Darnton agreed with Cornog that, “Somewhere journalism got a bad name.” The first indication that amateur reporters were picking up the slack for professional news, in his opinion, was the Rodney King beating in 1991.
Newspapers need to find a business model for such Web reporting that will allow them to stay current, Darnton said. He cited VoiceofSanDiego.com and MinnPost.com as good examples of traditional journalism start-ups on the
Web, but cautioned that their business models “aren’t replicable everywhere,” and that those operations are still very limited. Jarvis chimed in to add ProPublica to the list of start-ups doing traditional journalism on the Web.

Jarvis said that at a recent event at CUNY’s Graduate School of Journalism, students looked for a news business model for online reporting. One of the unique positions that they came up with was that of “community manager,” a
person whose fulltime job would be to integrate citizen reporting into the site. He said that traditional media outlets should be more willing to experiment and share the results of those experiments. “There is no time to lose,” he said. Jarvis added that he is confident that there is still market demand for professional, investigative reporting, but that the journalism industry is still transforming into an undetermined size, scale, and shape. There will probably be a smaller core of journalists at the center, and news outlets will be more collaborative. He also noted that startup outlets “won’t be able to access big amounts of capital anymore. Darnton agreed, saying that advertising revenue is “particularly tricky” right now, charity funding is unreliable, government funding almost out of the question, and
subscription revenue is unsustainable.

Darnton said there is a misperception of professional journalists as being “up on Mt. Olympus,” rendering thumbs-up, thumb-down verdicts,” when in fact they are there to “enhance the experience for the user.” He also said he favors large news operations because they have the money to pay for revenue-losing operations such as investigations. Amateur operations could not do that, he said. On the other hand, Jarvis pointed to citizen-generated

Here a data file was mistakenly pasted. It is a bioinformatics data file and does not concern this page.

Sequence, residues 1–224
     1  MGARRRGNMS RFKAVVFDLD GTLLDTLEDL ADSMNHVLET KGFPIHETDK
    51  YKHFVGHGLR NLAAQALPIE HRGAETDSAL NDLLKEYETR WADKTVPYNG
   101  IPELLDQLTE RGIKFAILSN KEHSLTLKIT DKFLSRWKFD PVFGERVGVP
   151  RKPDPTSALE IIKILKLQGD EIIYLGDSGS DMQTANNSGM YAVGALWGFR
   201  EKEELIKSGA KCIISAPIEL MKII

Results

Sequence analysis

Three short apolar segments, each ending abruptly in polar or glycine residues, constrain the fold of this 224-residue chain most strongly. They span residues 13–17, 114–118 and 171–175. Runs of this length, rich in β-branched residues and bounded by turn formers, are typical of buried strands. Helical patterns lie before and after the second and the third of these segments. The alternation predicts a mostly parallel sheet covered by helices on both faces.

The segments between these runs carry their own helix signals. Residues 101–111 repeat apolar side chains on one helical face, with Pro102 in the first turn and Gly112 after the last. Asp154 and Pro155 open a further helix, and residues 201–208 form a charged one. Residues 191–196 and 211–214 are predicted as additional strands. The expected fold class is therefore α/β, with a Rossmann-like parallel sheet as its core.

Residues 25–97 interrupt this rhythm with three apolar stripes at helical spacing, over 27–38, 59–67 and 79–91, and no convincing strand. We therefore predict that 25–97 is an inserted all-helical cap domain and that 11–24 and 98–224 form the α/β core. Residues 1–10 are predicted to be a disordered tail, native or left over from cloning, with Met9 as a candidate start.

Web sites in the wake of Hurricane Katrina and the Indian Ocean Tsunami that provided valuable, highly localized information about safety, rescue, and support operations. Relying on amateur reporting does not always work out
during emergencies, however, Jarvis noted. After the bombing of the London Underground, one of the first citizen reports said incorrectly that there had been a power blackout. But with so many camera phones on the ground,
Jarvis concluded, news outlets must find ways to motivate and educate audiences and pay a professional to manage that community.

Case Studies 3 & 4

For the final case studies session, Columbia Journalism School professor, CJR contributor, and New Republic music critic David Hajdu introduced two men “whose work “illuminates how the very nature of journalism is changing.”

The first to speak was Robert Cox, president of the Media Blogger Association (MBA), whose case discussed increasing legal threats to bloggers and resources at their disposal. The MBA provides legal resources, helps
arrange blogger press passes, and provides media liability insurance, among other services. Cox told the previously undisclosed story of a blogger and Huffington Post contributor who had called the MBA when she found out she was being sued for defamation. The blogger had wrongly reported that a schoolmistress had been charged in a sexual abuse case. When the blogger called Cox, however, she seemed defensive and complained that the schoolmistress had not called her to correct the mistake, so she had done nothing wrong. Cox believes the case against the blogger has been dropped. But misunderstandings are “very typical of the bloggers I’ve talked to,” he said. “They don’t have any understanding of the laws that relate to what they’re doing.” That’s not always the case, Cox added, but blogs clearly have the power for “transformative good” or “great harm.”

Cox then described the MBA’s history and work. It was founded in 2004 as a “mutual defense pact” for bloggers, who have “inherent legal and operational risks.” Though they’re often one-person or small operations, they are just
as exposed as any major media company. Cox said that blogs took off in earnest four years ago, and lawsuits “immediately followed.” The MBA has been involved in over 400 cases. The vast majority have been defamation
cases, like the blogger from Wisconsin, but there have also been a number of privacy and copyright violations. Sectors like pharmaceuticals, real estate, and government “tend to be” the most litigious. “But the good news is that
bloggers mostly win,” Cox said. Thirty-five percent of cases “go away,” and bloggers win 92 percent of judgments and settlements. But the cost of defense has been going up and settlements have been as high as $20 million.

Curtis Brainard is the editor of The Observatory, CJR's online critique of science and environment reporting. Follow him on Twitter @cbrainard.